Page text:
The Times - UK (2022-01-24)

(Antfer) #1

the times | Monday January 24 2022 7


BBC4 is at risk as the corporation
scrambles to plug a £1.5 billion funding
gap after the licence fee was frozen for
two years.
Several BBC sources have said that
the highbrow channel, which shows
arts programmes and foreign dramas
and was once home to comedy shows
including The Thick Of It and
Detectorists, cannot survive another
round of cuts.
BBC4 has been under threat for years
but instead of closing the channel and
risking an audience backlash, the BBC
has repositioned it as an archive ser-
vice. Nearly 90 per cent of its schedule
comprises repeats. “In a world where
you’ve got to make tough choices, it has
started to stick out like a sore thumb,”
one BBC insider said. Another said:
“I’m not sure how it will survive.”
The channel has a content budget of
£30 million, not a significant saving in
the context of a £1.5 billion funding
shortfall. There is increasingly a view,
however, that the days of “salami slic-

BBC4 could be scrapped to save

cash after freezing of licence fee

ing” are over and the BBC needs to re-
trench in certain areas to make better
use of its funding. What remains of
BBC4’s original programming, such as
The Sky At Night, could be used to bol-
ster BBC2, sources said, while archive
content could be shown on iPlayer.
Shows such as Digging for Britain, host-
ed by Professor Alice Roberts, have
already made the jump to BBC2 and
seen their audiences increase.
BBC4 and BBC2 have been brought
closer together over the years. Jo Smith
serves as the portfolio editor for both
channels after the BBC scrapped
channel controller roles last year and
handed greater powers to executives in
charge of programming genres, such as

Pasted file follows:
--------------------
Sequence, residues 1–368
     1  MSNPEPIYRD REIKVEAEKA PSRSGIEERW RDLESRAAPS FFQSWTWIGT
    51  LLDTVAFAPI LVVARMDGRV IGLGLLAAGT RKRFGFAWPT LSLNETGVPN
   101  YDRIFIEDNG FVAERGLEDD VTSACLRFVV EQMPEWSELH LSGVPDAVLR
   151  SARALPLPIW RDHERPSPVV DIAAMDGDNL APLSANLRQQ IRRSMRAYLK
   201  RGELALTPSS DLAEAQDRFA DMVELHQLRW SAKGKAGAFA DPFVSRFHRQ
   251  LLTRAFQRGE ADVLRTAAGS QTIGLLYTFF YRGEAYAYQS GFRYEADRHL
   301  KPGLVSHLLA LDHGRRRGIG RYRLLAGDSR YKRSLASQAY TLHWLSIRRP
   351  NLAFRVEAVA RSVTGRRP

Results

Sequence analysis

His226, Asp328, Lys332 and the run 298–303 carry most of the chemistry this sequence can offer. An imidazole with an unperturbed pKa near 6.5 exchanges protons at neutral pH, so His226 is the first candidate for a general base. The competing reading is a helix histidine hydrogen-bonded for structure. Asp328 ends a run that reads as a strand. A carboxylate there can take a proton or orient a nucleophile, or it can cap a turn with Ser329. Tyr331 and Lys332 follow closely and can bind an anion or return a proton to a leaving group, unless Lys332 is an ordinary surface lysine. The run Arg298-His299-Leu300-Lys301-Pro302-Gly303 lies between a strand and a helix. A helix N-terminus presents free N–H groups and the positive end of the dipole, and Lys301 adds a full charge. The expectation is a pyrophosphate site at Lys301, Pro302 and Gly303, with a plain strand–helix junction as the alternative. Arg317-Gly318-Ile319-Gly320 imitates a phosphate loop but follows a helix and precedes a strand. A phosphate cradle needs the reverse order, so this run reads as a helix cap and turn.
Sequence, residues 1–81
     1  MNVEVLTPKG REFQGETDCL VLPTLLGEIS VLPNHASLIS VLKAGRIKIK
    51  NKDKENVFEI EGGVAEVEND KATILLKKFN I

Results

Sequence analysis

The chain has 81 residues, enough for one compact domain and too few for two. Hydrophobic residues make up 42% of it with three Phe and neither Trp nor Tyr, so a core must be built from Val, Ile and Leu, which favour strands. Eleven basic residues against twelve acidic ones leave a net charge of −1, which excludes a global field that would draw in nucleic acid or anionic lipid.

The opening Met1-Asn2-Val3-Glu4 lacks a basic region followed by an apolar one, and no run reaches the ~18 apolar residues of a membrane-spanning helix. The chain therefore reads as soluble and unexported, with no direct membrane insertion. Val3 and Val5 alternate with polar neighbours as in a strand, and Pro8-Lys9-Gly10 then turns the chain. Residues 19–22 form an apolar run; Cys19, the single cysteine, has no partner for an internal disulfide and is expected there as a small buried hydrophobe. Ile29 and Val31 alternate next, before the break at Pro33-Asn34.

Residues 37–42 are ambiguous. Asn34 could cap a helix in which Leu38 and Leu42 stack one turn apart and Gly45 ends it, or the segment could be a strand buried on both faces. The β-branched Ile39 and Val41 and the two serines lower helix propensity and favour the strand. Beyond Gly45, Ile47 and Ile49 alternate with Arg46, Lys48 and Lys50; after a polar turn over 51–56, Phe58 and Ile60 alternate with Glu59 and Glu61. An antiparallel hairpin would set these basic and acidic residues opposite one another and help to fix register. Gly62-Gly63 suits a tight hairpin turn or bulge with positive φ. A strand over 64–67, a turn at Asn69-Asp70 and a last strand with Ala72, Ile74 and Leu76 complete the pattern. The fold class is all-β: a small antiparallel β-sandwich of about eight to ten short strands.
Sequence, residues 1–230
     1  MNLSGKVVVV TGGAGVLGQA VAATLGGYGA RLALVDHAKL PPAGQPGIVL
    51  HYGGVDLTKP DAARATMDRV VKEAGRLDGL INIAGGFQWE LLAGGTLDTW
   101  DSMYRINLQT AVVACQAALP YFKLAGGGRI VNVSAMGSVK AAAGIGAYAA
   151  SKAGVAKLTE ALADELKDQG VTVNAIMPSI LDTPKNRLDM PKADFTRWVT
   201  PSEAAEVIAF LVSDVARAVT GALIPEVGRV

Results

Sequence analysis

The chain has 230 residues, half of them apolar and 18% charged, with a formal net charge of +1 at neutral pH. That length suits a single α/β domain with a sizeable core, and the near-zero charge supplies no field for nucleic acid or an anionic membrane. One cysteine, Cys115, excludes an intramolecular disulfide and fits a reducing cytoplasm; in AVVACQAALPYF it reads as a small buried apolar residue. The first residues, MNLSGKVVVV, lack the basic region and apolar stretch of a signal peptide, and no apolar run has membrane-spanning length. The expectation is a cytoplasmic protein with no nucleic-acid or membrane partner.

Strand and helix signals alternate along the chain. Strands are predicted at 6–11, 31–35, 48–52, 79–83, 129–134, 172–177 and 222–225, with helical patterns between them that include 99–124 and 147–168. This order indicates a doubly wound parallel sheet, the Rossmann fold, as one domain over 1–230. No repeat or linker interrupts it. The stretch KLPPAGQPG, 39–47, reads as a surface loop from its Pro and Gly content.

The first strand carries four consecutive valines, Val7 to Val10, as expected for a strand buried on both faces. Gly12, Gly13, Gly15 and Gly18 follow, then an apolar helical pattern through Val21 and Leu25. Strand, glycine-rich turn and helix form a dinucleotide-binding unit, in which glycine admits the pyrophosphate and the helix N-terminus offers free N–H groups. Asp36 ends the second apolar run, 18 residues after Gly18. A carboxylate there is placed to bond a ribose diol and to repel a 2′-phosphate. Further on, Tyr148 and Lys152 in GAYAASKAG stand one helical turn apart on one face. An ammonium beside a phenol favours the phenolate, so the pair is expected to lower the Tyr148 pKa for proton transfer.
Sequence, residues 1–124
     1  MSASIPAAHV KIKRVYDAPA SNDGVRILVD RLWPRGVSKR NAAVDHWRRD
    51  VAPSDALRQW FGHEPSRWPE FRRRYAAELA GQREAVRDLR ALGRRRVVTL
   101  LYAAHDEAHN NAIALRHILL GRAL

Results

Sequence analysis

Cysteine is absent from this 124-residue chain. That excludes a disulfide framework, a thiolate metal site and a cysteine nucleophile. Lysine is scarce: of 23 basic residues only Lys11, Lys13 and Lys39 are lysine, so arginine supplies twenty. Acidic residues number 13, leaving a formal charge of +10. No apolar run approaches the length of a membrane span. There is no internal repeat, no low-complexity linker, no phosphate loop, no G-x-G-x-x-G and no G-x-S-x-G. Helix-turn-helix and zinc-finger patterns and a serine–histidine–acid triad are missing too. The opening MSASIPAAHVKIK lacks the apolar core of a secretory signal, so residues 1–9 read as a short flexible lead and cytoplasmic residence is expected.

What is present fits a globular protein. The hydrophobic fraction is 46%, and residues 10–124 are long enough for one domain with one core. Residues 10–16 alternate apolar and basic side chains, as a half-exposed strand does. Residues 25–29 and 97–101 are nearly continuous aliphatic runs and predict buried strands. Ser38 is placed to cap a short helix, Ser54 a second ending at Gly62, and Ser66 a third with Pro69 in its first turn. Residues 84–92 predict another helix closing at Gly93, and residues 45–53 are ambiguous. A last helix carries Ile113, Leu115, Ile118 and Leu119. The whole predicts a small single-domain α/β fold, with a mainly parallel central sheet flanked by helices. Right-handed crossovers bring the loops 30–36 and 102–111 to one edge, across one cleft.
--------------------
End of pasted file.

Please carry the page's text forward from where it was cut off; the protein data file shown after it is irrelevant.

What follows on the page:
drama and entertainment.
Tim Davie, the BBC director-gener-
al, was asked last week about whether
TV channels would be scrapped after
the government held the licence fee at
£159 for the next two years. “Every-
thing’s on the agenda,” he told Radio 4.
Davie added that the corporation
must reshape itself for a digital future,
in which audiences are increasingly

migrating online. He has previously
voiced ambitions to have “more impact
by making less”.
Any move to scrap BBC4 is likely to
be met with resistance. The last time
BBC4 came under threat was in 2020,
when a petition to save the channel
amassed nearly 80,000 signatures.
Stars including the historian Lucy
Worsley voiced concern.
There has also been speculation
about whether BBC2 can survive,
though employees believe it is too im-
portant to lose. Under its royal charter,
the BBC has to broadcast set hours of
public service content, including arts,
music and religious programmes.
Insiders want the BBC’s quotas
re-examined as part of the mid-
term charter review, which begins
this year. They argue that channel-
specific quotas are outdated at a
time when viewers increasingly
use catch-up services.
The BBC is yet to make a for-
mal decision on BBC4’s future.
Censors, leave our radio treasures be,
Libby Purves, page 27

Jake Kanter Media Correspondent

‘Give NHS staff

pay increase

to stop exodus’

Kat Lay Health Editor

Unions have demanded an “inflation-
busting” pay rise for NHS workers to
stop a “growing exodus” of exhausted
staff including nurses and midwives.
Their call came as analysis said the
NHS had lost 1.8 million days to staff off
work with long Covid in England.
In a submission to the independent
NHS pay review body, a group of 14
unions representing 1.2 million health
workers warned that patients would
suffer without a decent pay rise to stem
the flow of staff leaving the service.
Their members, who include porters,
nurses, healthcare assistants, midwives
and cleaners, were in many cases ac-
tively seeking other employment or se-
riously considering a move, they said.
They added that they were con-
cerned the government had yet to pro-
duce its own submission before a dead-
line today, accusing ministers of treat-